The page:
Steam Proton Guide – How to Set Up, Play Non-Steam Games

This Steam Proton Guide will cover how exactly to use Steam Proton, a WINE fork with some extra capabilities, to play games and run applications that aren’t available on the STEAM store.

Do note that some applications may not work at all, or may break. Steam Proton is still in very early stages.

Steam Proton Guide

Steam, as you all know it, is the biggest platform for gaming on PC. Steam Proton is basically Valve’s effort to increase the number of games available on Linux operating system.

First was SteamOS, basically a Steam skin on Linux base OS.

Although SteamOS still gets active updates, I have yet to see many gamers playing games on SteamOS. Valve has been making a lot of effort supporting the developers of WINE, and even hiring some of the developers for the Steam Proton project.

You can find out more information on the Steam Proton project through their open-sourced repository on GitHub

Steam Proton is WINE, but easier to use, and in some cases, better by some margin.

How to Activate

Unlocking/activating Steam Proton on your Linux based system is easy. Just head over to Steam > Settings > Steam Play and toggle the option “Enable Steam Play for Supported Titles”.

Valve has tested and fixed some Steam titles and you will now be able to play those titles. However, if you wish to go even further beyond, and play titles that even Valve has not tested, toggle the option “Enable Steam Play for all titles”.

What Version to Use?
You should use the Steam Proton version that is recommended by Steam itself: 3.7-8. This is the most stable version of Steam Proton right now. However, for testing purposes, I like to use 3.16-4 BETA. For this guide, we will be going with 3.16-4 BETA.

Restart your Steam

After activating Steam Proton successfully, click OK and Steam will ask you to restart it, for changes to take effect. Restart it.

How to Test

Before you can test Steam Proton, you must download a Windows game from Steam first.

I would personally recommend Point Perfect because it is a single file game and is like 16 MBs.

However, you can download other small free games like Realm of the Mad God or Trove.

You will notice that if you are downloading a Windows game for the first time, the download for that game will be a bit bigger than the game’s size. Apparently, Steam will be downloading your chosen Steam Proton version with this game too.

After the download is done, simply click “Play” button.

Yep, Realm of the Mad God was not really a good choice for testing but it is small.

How to Run Non-Steam Games through Steam Proton

Okay, this is probably what you guys were here for.

I realized that I liked MPC-HC way more than VLC. Therefore, I downloaded the portable version of MPC-HC from the web, and uh tried to play it directly.

My experiences with WINE were not great, so I tried to use Steam Proton this time. Problem? Steam Proton does not really pick up non-steam games without huge but amazing scripts.

I am not a computer guy, so scripts are a big no-go for me. I did what every non-technical guy tries to do: shortcuts!

I moved the MPC-HC files into Point Perfect, removed the single Point Perfect .exe file, renamed MPC-HC executable file to Point Perfect’s executable file and voila! It worked. Without much effort. Let me break it down into simpler parts:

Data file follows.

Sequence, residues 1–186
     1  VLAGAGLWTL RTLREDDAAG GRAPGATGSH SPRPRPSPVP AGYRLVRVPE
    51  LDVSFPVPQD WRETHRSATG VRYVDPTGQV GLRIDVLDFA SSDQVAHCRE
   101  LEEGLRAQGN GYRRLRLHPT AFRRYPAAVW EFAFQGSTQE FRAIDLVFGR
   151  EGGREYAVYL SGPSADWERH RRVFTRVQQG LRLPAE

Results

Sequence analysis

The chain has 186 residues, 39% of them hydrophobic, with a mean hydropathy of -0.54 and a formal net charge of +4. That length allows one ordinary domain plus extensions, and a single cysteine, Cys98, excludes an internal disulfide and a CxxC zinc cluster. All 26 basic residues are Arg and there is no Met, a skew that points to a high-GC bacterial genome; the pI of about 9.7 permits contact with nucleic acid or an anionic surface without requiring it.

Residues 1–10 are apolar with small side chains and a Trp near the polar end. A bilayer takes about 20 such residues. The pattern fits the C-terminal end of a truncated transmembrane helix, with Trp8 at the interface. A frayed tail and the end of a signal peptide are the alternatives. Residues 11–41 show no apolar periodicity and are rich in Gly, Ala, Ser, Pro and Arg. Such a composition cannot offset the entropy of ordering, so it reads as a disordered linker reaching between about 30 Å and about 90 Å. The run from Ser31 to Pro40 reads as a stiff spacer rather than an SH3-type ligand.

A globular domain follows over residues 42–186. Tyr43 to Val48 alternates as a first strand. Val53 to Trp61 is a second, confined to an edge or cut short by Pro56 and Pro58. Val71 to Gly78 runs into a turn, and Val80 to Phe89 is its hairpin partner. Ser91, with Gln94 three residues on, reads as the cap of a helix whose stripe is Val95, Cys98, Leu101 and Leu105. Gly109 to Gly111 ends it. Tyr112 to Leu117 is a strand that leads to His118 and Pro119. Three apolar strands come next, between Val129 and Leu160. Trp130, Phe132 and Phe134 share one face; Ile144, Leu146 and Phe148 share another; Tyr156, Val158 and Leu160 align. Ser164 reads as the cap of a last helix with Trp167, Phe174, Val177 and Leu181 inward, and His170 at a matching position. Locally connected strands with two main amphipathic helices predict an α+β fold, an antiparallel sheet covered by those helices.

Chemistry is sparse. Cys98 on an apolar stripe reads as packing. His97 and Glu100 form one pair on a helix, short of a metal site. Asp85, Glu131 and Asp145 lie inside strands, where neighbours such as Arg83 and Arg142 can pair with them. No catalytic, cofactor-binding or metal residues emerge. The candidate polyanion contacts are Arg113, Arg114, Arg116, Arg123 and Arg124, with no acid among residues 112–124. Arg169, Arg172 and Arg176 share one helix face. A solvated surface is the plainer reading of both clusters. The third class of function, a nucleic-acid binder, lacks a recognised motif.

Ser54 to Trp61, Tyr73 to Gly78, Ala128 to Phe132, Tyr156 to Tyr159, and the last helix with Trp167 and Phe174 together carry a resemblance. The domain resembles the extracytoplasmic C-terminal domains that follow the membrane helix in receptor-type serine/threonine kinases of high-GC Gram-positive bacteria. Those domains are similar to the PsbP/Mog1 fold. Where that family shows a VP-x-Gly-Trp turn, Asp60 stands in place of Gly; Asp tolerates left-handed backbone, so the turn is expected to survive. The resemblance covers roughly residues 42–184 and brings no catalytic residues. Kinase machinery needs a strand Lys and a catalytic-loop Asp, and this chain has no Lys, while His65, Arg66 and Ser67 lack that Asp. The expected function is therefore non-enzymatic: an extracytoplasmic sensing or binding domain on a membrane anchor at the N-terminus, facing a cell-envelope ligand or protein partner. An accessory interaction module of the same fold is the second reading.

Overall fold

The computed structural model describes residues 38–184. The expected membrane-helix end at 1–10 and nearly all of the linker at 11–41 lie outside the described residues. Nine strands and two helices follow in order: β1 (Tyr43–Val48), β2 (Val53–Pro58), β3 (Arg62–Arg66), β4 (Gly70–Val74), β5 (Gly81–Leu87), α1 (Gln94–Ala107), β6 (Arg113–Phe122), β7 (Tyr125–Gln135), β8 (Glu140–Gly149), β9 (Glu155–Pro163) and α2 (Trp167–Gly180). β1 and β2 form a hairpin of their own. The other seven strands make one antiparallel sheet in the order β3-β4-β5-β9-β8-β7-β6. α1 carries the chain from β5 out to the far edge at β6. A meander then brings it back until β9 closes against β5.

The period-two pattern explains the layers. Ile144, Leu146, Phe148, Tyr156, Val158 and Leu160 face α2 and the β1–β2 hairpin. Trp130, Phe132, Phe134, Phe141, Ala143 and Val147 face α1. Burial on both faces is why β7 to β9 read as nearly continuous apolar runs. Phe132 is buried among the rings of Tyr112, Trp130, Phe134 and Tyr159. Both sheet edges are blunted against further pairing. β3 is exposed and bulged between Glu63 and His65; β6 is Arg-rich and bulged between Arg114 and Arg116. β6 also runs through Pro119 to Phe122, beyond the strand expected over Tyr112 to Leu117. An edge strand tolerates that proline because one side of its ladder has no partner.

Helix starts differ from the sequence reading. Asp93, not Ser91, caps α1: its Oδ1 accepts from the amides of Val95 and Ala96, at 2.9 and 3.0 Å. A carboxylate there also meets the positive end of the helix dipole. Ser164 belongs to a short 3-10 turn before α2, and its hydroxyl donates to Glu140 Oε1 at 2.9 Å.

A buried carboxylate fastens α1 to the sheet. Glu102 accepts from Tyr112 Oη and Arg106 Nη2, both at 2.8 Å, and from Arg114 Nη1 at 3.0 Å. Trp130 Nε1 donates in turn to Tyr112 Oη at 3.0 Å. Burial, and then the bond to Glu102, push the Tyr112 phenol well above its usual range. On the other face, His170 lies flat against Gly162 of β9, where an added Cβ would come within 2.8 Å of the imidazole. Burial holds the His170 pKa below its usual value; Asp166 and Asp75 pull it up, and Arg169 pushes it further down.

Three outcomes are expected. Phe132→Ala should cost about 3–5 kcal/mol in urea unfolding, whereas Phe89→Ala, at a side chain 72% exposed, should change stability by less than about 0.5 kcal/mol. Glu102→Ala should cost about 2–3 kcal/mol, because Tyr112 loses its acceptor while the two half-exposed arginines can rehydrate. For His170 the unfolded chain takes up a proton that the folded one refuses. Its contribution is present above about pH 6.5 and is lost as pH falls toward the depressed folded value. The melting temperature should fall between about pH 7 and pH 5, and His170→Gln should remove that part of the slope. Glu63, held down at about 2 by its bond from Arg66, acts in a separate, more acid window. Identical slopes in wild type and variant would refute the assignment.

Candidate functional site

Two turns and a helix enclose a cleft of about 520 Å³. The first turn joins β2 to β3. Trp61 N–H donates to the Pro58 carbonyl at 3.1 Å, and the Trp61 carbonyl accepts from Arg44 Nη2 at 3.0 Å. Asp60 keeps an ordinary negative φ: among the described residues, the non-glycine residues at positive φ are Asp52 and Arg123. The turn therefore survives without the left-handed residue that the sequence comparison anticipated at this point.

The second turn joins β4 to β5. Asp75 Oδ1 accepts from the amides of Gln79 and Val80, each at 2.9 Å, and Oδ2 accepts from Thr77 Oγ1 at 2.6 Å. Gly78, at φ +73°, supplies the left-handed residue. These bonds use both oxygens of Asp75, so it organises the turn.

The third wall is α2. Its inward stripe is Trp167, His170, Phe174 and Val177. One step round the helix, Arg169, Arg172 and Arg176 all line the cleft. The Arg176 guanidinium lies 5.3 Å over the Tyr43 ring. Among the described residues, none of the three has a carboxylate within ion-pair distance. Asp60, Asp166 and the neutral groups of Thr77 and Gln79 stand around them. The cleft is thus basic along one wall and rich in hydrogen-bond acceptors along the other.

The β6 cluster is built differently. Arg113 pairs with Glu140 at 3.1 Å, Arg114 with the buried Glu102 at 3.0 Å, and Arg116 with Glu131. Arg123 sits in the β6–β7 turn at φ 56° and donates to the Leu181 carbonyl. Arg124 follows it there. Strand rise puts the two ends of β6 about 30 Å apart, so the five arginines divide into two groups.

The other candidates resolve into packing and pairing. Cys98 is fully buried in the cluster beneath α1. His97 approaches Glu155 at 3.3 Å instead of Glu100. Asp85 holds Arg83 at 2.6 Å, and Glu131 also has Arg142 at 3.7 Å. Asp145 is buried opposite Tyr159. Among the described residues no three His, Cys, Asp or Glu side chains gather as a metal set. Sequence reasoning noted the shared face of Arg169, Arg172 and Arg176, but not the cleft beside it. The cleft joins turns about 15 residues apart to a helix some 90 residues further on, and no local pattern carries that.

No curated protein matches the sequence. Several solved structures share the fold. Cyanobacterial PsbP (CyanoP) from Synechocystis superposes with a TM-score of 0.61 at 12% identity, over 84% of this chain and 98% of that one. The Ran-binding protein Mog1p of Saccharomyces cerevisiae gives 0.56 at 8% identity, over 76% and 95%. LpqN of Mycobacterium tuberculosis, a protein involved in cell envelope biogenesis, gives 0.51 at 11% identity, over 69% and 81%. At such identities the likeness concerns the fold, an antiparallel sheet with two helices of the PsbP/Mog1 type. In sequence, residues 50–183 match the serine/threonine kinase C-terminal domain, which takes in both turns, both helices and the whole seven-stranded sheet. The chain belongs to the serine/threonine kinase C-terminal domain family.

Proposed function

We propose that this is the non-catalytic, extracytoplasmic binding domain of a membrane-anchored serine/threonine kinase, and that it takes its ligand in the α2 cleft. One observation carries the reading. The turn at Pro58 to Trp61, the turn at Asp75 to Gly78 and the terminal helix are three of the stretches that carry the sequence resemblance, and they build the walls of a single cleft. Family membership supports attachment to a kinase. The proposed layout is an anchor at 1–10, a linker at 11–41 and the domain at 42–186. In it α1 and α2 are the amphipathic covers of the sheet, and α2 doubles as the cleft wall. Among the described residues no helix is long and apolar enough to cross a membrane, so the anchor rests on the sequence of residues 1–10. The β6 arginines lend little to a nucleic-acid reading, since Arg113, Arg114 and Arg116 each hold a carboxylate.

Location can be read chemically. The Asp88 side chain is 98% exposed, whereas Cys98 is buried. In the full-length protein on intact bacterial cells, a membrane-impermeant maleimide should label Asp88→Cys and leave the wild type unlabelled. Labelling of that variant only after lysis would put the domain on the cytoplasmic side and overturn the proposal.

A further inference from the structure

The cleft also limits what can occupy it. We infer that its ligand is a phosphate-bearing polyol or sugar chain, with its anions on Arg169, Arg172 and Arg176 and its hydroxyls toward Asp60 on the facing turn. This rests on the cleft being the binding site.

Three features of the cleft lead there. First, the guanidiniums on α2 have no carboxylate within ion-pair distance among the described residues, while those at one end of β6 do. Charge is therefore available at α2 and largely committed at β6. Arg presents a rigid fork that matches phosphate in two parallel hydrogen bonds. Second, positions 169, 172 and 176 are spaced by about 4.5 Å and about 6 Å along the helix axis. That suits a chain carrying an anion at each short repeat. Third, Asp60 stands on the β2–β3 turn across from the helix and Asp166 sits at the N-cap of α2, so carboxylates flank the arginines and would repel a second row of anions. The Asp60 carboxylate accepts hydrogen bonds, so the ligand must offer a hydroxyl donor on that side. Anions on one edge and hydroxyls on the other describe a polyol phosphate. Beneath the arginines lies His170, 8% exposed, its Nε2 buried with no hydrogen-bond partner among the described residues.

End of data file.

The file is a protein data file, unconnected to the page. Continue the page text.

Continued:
Download the Windows App/Game

Download the non-steam app/game you wish to boot on Steam Proton. Can be anything. I chose MPC-HC. Choose a portable version if possible.

Download Steam Windows Game

With the method mentioned above, download a Windows game that is available on the Steam store.

Run it At Least Once

Steam needs to install Steam Proton, so be sure to run that Steam game at least once. This will properly install/integrate Steam Proton into Steam.

Copy the Windows App/Game Over to your Steam Game

Pretty simple thing to do. If you cannot find your Steam game’s location, right click your game in your Steam Library and click Properties. Then choose the ‘Local Files’ option. Finally, click on ‘Browse Local Files’ here.

The folder should open now. Copy the Windows app/game’s files into this location.

  • Delete your main executable file. In my case, its: point_perfect_se_1.3.2.exe
  • Be sure to note your executable file’s name first, before proceeding.
  • After deleting your file, rename your Windows app/game’s main executable file into the name the old file had, aka: mpc-hc64.exe into point_perfect_se_1.3.2.exe.
  • And you’re done.

Problems Regarding Renaming

If you are having problems regarding renaming the file’s name, for whatever reason, you can use the command mv to rename your file. ‘mv’ stands for move, but can also be used to rename a file. Here is an example:

$mv mpc-hc64.exe point_perfect_se_1.3.2.exe

This should work, but if you are having any issues regarding permissions, use sudo.

Boot your New App on Steam

Yep, the name of the game won’t change, but at least now, you will be able to run the game with Steam Proton?


This method may work on some apps, but will not work on many other apps, especially the ones that need custom .dll support. I will try to maintain this guide with more information when I test more stuff. Be sure to keep coming back to it whenever it is possible.

I’m using Solus, but the method should work on most mainstream Linux distributions like Ubuntu, its derivatives, ArchLinux, and other Debian-based OSs.

Adores Bo Burnham, Pink Guy and Kumail Nanjiani. Plays all sort of games. Spends too much time watching anime and comical TV series. Some of the games he plays include: Rocket League, DoTA2, PUBG, ARK: ...